It's merely hinted at in the first book, of course — well, the first book ends when Alanna is fourteen, so! But early on, "Alan" strikes up an alliance with the heir to the throne, Prince Jonathan (she gets to call him 'Jon.') Their friendship deepens when she uses her "Gift" to save him from a magically-induced plague, which requires her to call on the power of the Mother Goddess (Tortallians have a rad polytheistic pagan religion going on) and the one witness to her magical cure hears "a man's voice and a woman's voice coming from Jonathan and Alan." This is the closest Alanna has come to being found out! Then, much later, she and Jon are embroiled in a high-stakes magical swordfight with some evil desert demons (long story). The demons magically peek into her mind and find out her secret, and they prankishly divest her of her clothes. "I may be a girl, but I can defend - or attack!—as well as any boy!" screams nude Alanna. Um, but then:
"'She looked at Jonathan. Her friend was openly staring. 'Highness,' she whispered, blushing a deep red, "I—' He pulled off his tunic and handed it to her. 'Later, just - who are you?'"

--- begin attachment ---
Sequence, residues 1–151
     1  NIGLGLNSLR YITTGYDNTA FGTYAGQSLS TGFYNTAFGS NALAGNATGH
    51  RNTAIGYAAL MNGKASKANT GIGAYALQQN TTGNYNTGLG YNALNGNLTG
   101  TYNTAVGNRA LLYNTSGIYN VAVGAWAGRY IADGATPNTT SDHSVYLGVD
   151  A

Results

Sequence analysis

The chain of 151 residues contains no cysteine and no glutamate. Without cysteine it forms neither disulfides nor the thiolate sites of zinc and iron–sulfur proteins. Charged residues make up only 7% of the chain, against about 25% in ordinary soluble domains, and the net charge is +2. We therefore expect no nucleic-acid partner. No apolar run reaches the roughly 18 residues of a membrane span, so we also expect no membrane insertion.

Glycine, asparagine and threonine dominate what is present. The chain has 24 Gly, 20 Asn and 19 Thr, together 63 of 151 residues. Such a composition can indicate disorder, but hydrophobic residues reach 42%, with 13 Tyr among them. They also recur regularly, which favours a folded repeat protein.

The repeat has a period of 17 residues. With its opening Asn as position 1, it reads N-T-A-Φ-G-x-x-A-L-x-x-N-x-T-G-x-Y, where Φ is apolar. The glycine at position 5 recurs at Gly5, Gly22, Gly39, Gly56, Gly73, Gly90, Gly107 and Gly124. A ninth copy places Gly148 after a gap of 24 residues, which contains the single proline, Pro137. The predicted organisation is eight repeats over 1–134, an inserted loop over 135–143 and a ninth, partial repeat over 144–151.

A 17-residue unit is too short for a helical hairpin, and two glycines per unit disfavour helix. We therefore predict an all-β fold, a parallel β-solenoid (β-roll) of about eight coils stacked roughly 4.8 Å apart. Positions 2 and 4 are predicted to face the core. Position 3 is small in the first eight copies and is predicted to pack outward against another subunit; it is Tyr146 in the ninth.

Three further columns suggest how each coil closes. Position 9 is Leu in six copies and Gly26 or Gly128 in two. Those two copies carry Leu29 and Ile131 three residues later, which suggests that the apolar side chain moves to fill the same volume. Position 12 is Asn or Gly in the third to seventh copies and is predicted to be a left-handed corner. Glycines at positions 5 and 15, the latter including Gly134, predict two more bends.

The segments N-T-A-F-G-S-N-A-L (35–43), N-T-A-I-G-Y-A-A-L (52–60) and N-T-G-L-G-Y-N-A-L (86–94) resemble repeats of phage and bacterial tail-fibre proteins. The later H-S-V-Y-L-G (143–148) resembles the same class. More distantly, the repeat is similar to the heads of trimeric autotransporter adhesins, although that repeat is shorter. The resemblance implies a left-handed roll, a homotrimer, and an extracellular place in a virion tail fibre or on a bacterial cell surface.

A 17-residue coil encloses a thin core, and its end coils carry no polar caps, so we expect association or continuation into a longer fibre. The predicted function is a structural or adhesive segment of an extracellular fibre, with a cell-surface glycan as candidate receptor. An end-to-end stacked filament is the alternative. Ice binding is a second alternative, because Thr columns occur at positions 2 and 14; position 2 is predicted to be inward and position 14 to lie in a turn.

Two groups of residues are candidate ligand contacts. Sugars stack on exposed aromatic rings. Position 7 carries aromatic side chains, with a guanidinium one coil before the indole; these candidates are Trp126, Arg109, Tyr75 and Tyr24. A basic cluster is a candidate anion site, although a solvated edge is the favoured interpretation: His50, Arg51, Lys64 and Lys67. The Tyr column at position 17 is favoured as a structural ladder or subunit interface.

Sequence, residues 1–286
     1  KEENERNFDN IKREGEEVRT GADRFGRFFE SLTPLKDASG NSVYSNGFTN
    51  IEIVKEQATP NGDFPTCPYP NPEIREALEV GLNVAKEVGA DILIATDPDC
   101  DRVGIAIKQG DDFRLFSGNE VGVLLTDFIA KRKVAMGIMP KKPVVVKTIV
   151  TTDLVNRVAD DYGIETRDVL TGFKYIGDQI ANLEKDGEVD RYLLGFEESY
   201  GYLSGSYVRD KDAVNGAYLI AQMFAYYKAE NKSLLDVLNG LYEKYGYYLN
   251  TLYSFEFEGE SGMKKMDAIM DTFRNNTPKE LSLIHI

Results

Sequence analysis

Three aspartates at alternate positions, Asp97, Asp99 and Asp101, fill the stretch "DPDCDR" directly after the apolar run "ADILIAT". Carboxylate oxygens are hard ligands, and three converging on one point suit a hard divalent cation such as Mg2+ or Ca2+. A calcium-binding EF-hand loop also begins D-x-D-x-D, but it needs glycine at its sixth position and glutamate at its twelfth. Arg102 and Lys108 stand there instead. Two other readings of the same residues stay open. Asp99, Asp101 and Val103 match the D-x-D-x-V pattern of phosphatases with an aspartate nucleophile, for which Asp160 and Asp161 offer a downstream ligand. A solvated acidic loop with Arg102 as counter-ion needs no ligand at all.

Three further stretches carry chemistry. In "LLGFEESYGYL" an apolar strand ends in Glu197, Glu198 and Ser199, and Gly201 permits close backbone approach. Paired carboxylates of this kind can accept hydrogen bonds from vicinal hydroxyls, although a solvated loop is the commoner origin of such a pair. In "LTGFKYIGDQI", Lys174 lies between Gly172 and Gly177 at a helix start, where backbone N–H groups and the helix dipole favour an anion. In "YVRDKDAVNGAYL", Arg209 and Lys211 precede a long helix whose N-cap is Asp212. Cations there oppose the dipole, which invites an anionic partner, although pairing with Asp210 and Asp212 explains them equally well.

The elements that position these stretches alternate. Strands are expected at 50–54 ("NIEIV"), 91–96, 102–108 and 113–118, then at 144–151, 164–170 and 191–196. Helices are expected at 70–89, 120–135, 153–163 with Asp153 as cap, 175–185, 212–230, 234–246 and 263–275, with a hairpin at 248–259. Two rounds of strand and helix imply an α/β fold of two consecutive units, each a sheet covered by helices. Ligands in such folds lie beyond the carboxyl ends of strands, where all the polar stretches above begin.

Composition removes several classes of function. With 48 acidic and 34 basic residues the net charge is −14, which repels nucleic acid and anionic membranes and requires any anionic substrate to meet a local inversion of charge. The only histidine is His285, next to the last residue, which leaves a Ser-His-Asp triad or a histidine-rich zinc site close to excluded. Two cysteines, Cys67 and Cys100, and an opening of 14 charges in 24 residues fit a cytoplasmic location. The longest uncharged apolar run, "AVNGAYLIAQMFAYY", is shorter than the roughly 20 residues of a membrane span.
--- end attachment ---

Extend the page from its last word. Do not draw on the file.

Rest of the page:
Hot, right? He is about to get killed by demons and he's still making time to check her out! Later, in the desert:
It's been such an awful day,' she sobbed. Hesitantly the young man put his arms around her and drew her against him. 'And now you're being so kind.' She wept into his shirt. 'Not kind,' he told her. 'Grateful. Admiring. You're getting my shirt wet.'"
This hint of rom-com banter foreshadows things to come in the rest of the series, when Alanna and Jon are a little bit older, he's the only one who knows her secret, and there's lots of unfettered access to each other's "bedchambers." The next two books in the series are basically like Curtis Sittenfeld's Prep in the illicit boarding-school boning department, just with more swordplay. Yesss.
I was mad titillated by these books as a nine year old, and also, I suppose, empowered. Rereading Alanna now is refreshing and a little bit saddening. Back then, I accepted its message — that by working twice as hard as the boys, you can beat them at their own game — very credulously, now that I think about it. But I didn't pay much attention to the book's other implicit lesson, which is: If you show any sign of "femininity" or weakness, you leave yourself open to attack. Alanna can vanquish her demons with magic, but the rest of us are gonna have to figure things out on our own.